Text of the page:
Cognitive development refers to the changes in knowledge about the world or specifically, to the development of sensation, perception, the ability to learn, reason, and problem solving skills. Two important theories have arisen to account for children’s process of cognitive development: Piaget´s and Vygonsky’srespective theories of cognitive development have influenced education and child psychology the world over. Comparing these theories will lead to better understanding of cognitive development and as a whole. It will be argued that although both theories provide important and complementary insights into Developmental Psychology, Vygonsky’s theory presents a more comprehensive and flexible approachto the development of human cognition.
Jean Piaget, whose cognitive theory was heavily influenced by biology, divided human cognitive growth into four developmental periods. He viewed human cognition as an adaptive process, in which the native cognitive powers that humans possess adapt to a particular environment by acquiring cognitive structures, mental representations orrules that are used for understanding and dealing with the world and for thinking and solving problems, mainly in the form of schemata, mental representations or sets of rules that define a particular category of behavior, and concepts, metal structures or rules that describe the proprieties of environmental events and their relations to other concepts.
Piaget described the acquisition ofinformation as assimilation—the use of available cognitive structures to gain information about the world. Cognitive structures become progressively more elaborate as infants acquire more information. These structures are modified when the infant encounters greater complexity in the environment. This modification is called accommodation. As the infants mature, they must modify their reflexes and developother cognitive structures to meet the changing demands of the environment (Holland and Tarlow, 2001).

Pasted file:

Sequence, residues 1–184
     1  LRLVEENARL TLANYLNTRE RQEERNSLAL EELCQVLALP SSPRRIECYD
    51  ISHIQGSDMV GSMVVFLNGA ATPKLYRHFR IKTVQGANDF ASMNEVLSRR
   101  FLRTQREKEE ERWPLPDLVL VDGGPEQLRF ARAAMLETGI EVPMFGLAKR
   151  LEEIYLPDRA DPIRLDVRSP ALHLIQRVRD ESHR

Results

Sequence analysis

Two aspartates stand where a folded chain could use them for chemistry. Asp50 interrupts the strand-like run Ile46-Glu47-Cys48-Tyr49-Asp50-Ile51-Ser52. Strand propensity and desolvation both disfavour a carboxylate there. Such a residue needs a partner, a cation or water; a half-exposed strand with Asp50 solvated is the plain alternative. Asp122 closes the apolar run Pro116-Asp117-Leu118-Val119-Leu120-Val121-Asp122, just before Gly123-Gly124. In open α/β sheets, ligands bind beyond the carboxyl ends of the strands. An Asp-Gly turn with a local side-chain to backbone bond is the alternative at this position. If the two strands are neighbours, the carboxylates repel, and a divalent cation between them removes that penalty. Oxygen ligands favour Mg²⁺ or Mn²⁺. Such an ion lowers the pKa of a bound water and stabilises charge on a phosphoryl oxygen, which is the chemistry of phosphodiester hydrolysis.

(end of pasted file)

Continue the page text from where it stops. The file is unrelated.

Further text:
In Piaget’s theory, humans invariably and universally go through a sequence of four distinct stages of cognitive development which happen naturally as a child ages, each stage having its own cognitive structures (which vary according to age), with each structure allowing different abilities toperform different and important cognitive tasks (Piaget, 1997/2000), such stages are:
I. - Sensory-motor stage:
Happens from age 0 to 2. The infants in this stage experience the world through reflexes, like sucking, and gradually gain the ability to explore the world thorough repetitive movements that Piaget called circular reactions. They also develop gradually Object Permanence, The idea thatobjects continue to exist even when they are hidden or otherwise out of range of the senses. By the end of this stage children begin to think symbolically, and imitate actions they have observed in others.
II. - Preoperational stage:
Taking place from age 2 to 7. Children in this stage rapidly develop language and the ability to represent things symbolically. Their thinking is characterized byprimitive, prelogical elements such as: animism, the belief that inanimate things are alive, and artficialism, the belief that all things are the creation of humans or of a divinity that acts in the same as humans, (Piaget). While in this stage, infants are Egocentric (believing that others see the world precisely the way they do) and have problems with tasks that involve Conservation(understanding that the amount of something remains the same even if its appearance or form changes) when related to volume, though by age 6 they understand conservation of number.
III. - Concrete-operational stage:
Spanning from age 7 to 11, In this stage, the characteristics of preoperational thought—egocentrism, animism, and artificialism—break down and are superseded by a more logical form of...